Boston, MA (PRWEB) September 08, 2014
On Sept 3, 2014, Gartner released MADP Magic Quadrant (MQ), a revision from its previously published MADP MQ. The tremendous influence that the Gartner Magic Quadrants have in the market is well recognized. Inclusion in the MQ is of great value to a vendor as potential customers and partners consider this when conducting vendor evaluations.
It may come off as sour grapes or nitpicky for a vendor like FeedHenry who was not included in the MQ to complain about it, as the effort that goes into developing such research as well as the challenges in putting such documents together is enormous. There is value to these reports and this isn’t a wholesale discounting of all MQs. However, given the heavy weight such documents carry in the marketplace, it appears that these research documents too often go unchecked and unchallenged. Unfortunately this one just doesn’t pass the smell test. Sometimes the burden/weight of a required research document can pull down the eventual effectiveness.
Below are several major challenges that seem to have cropped up in this MADP MQ:
1. Putting Square Pegs into Round Holes
For an analyst, part of the job is to put things into nice, tidy buckets, count them, evaluate them, compare them, weigh them, analyze them, etc. Over the last 10-15 years with the advent of mobile, cloud and many other disparate technologies, what were once very tidy markets have become unruly and due to SaaS-based and freemium models, often unmeasurable. The enterprise applications market may be a good example. This has made an already difficult job for analysts, in some cases nearly impossible.
In this MQ report such challenges are evident. Gartner, to their credit, speaks to the apples v. oranges dilemma in evaluating vendors and admit that they have done a better job in 2014 over 2013 claiming that “the striking diversity of vendors present” was the biggest hurdle. The explanation then continues to explain how inquiries come up with Gartner around how customers are building apps. This seems to speak to the dated nature of the report – one that is evaluating platform vendors. In 2014, the story is not about the app but rather the platform, the cloud infrastructure and the ability to manage the lifecycle of the mobile solution in an open and flexible configuration. That is where the value lies, not the apps that will change every 3 months. Vendors going into enterprise customers selling apps are speaking the language of several years ago.
As this report exists for enterprise customers and partners to evaluate Mobile Application Development Platforms to roll out solutions, then apples v. oranges is a big deal. In this Square Peg/Round Hole category we have companies that are circling the market. They have some nice solutions and have some mobile assets, but they aren’t quite in this market. They are often large companies that have a lot of influence in critical, adjacent markets, but are still square pegs in round holes. Apple is a classic example here in this MADP MQ. Although listed as a Niche player, it begs the question as to why are they in this report at all?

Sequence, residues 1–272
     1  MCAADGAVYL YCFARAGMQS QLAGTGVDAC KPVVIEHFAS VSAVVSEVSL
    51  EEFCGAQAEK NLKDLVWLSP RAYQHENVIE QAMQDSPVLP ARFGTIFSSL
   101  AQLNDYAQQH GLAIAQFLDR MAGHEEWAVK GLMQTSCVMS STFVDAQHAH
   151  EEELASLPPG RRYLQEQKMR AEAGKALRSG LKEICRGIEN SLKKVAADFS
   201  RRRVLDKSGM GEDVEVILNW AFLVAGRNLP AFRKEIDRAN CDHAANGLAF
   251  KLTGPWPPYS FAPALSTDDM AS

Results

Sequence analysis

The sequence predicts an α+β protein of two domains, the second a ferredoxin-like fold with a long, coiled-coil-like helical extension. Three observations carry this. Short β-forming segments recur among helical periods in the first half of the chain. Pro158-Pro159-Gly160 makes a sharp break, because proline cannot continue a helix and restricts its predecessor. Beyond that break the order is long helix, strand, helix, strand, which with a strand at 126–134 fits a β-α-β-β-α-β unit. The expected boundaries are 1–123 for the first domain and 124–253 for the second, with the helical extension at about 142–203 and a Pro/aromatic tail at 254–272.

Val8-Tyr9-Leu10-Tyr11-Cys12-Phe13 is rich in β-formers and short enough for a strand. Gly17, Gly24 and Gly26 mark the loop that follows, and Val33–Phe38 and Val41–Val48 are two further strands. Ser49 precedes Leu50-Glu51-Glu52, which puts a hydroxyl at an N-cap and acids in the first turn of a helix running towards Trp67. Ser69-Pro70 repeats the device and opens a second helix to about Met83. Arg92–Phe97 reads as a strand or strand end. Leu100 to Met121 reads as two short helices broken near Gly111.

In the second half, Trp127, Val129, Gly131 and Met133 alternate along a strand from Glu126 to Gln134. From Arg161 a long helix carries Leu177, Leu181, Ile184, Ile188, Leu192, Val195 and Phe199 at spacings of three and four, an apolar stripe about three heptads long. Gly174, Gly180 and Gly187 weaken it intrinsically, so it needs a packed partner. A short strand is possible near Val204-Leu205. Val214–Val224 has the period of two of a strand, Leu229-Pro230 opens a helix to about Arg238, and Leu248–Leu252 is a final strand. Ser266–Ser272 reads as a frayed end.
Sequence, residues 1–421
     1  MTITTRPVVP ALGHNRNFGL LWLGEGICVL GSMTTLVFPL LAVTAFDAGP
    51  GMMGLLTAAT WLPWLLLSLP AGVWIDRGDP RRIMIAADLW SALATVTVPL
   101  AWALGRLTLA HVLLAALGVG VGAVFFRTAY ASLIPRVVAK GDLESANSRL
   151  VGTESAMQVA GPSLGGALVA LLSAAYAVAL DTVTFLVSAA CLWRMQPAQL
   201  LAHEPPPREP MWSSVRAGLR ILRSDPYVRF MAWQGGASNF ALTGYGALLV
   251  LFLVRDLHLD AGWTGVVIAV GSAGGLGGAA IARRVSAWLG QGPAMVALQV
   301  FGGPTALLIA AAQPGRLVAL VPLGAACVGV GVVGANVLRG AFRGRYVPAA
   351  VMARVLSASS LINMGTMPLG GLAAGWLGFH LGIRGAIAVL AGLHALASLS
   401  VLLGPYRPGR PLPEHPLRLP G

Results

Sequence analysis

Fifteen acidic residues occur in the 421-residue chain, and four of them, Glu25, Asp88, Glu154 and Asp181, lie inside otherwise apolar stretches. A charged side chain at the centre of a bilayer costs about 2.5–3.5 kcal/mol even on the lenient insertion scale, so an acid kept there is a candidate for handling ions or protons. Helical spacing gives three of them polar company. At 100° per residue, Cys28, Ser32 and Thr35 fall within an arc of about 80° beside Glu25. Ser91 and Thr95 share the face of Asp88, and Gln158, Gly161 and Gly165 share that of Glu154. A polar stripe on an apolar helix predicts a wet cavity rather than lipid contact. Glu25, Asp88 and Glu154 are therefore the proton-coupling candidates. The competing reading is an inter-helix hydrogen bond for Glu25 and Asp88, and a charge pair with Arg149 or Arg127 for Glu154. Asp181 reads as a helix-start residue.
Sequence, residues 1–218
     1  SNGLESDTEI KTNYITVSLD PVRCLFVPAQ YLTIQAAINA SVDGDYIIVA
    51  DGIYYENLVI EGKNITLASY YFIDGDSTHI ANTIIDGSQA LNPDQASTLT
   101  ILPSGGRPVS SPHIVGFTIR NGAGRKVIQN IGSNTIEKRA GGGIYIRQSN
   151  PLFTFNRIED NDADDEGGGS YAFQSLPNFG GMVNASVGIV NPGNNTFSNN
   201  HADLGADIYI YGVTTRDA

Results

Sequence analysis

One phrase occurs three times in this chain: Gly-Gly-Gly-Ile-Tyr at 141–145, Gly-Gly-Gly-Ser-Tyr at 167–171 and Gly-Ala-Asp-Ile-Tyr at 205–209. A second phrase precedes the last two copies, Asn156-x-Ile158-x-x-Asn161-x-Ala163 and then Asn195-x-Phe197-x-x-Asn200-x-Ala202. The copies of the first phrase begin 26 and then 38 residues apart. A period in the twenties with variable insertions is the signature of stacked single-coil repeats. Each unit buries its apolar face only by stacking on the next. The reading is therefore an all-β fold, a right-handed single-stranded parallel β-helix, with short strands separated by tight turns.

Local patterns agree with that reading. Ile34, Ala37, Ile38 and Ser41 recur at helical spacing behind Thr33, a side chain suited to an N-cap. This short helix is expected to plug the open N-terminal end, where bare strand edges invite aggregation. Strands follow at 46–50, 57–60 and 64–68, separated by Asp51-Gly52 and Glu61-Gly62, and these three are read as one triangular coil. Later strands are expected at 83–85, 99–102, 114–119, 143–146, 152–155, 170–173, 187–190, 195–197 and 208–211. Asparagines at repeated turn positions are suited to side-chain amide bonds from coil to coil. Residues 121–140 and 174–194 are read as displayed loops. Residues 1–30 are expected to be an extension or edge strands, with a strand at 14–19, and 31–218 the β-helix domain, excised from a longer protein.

Apple: Gartner’s criteria (in fact its first two criteria) for the MADP MQ state that “vendors that do not offer a platform that combines tools and mobile application development components into a more complete solution for developing mobile applications and provide MADP software only in conjunction with their applications are excluded.” In its own assessment “Apple’s singular focus on iOS devices and Apple's tools focus on client development do not include server-side integration or mobile back end as a service (mBaaS) capabilities.” Gartner seems to be ruling out Apple by its definition. Again, we are talking about a MADP (P stands for platform) and Apple is about apps and devices.
2. Bigger is Better Myth.
One of the biggest challenges for analysts is the inclusion of the elephant in the room - i.e.the huge company that is not quite in the market, but certainly should be. They may have a product but it is typically antiquated, perhaps has no cost to it or no revenue to speak of and, if that product was their only product they would never have been included in the report. But because they are big and can push a free and/or sub-standard product via larger, often non-mobile products they are included. Often, these companies make waves via new announcements or discussions of overhauling products that are really not in the market. Oracle is one such example:
Oracle: By Gartner’s own admission they do not see Oracle as relevant as stated in its second sentence of its profile, “Until recently, Oracle played a relatively minor role in the mobile application development landscape”. Apparently, however, major enough to include in this MADP MQ. It points to its antiquated and now reworked ADF Mobile platform and a 2013 press release of an announced Enterprise mBaaS solution as their offerings. Gartner goes on to tout their enterprise software presence as a strength despite its “initial stages of entering the mobile market”. So apparently, a revamped and previously unused ADF Mobile Framework and a recently announced MBaaS solution and its initial stages of even entering the market warrants the inclusion of Oracle in this MADP MQ. If Oracle has such a nascent offering, why wouldn’t smaller companies with 3+ years and more advanced offerings in the market be considered?